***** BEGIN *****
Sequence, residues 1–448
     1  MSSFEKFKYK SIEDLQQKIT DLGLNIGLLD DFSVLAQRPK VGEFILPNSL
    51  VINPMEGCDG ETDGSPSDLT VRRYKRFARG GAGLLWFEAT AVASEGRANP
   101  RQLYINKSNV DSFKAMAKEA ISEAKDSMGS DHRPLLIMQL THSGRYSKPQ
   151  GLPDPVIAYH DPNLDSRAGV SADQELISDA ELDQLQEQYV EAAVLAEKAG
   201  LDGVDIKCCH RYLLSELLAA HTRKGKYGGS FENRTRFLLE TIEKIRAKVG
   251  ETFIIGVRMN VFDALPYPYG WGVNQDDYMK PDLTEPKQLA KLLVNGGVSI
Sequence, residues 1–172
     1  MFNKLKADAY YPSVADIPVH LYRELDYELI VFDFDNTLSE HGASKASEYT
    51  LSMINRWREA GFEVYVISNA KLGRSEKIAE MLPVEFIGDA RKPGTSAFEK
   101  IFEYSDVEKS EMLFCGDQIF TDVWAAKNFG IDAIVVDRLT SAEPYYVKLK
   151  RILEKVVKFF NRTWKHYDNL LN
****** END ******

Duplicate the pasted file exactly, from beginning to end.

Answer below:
Sequence, residues 1–448
     1  MSSFEKFKYK SIEDLQQKIT DLGLNIGLLD DFSVLAQRPK VGEFILPNSL
    51  VINPMEGCDG ETDGSPSDLT VRRYKRFARG GAGLLWFEAT AVASEGRANP
   101  RQLYINKSNV DSFKAMAKEA ISEAKDSMGS DHRPLLIMQL THSGRYSKPQ
   151  GLPDPVIAYH DPNLDSRAGV SADQELISDA ELDQLQEQYV EAAVLAEKAG
   201  LDGVDIKCCH RYLLSELLAA HTRKGKYGGS FENRTRFLLE TIEKIRAKVG
   251  ETFIIGVRMN VFDALPYPYG WGVNQDDYMK PDLTEPKQLA KLLVNGGVSI
Sequence, residues 1–172
     1  MFNKLKADAY YPSVADIPVH LYRELDYELI VFDFDNTLSE HGASKASEYT
    51  LSMINRWREA GFEVYVISNA KLGRSEKIAE MLPVEFIGDA RKPGTSAFEK
   101  IFEYSDVEKS EMLFCGDQIF TDVWAAKNFG IDAIVVDRLT SAEPYYVKLK
   151  RILEKVVKFF NRTWKHYDNL LN